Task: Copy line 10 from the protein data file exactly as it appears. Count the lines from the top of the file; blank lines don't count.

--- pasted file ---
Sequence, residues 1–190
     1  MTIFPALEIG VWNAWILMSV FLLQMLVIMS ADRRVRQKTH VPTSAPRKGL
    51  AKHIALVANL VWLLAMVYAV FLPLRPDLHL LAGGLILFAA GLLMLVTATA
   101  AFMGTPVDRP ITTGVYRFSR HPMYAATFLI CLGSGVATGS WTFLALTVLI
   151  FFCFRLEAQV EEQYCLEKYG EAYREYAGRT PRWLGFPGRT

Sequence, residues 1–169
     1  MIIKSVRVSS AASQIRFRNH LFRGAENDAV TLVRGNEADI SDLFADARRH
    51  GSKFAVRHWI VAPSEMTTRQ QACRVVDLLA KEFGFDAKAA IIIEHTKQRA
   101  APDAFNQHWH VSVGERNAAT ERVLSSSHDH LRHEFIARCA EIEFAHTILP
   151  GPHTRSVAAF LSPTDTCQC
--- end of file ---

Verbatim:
   151  GPHTRSVAAF LSPTDTCQC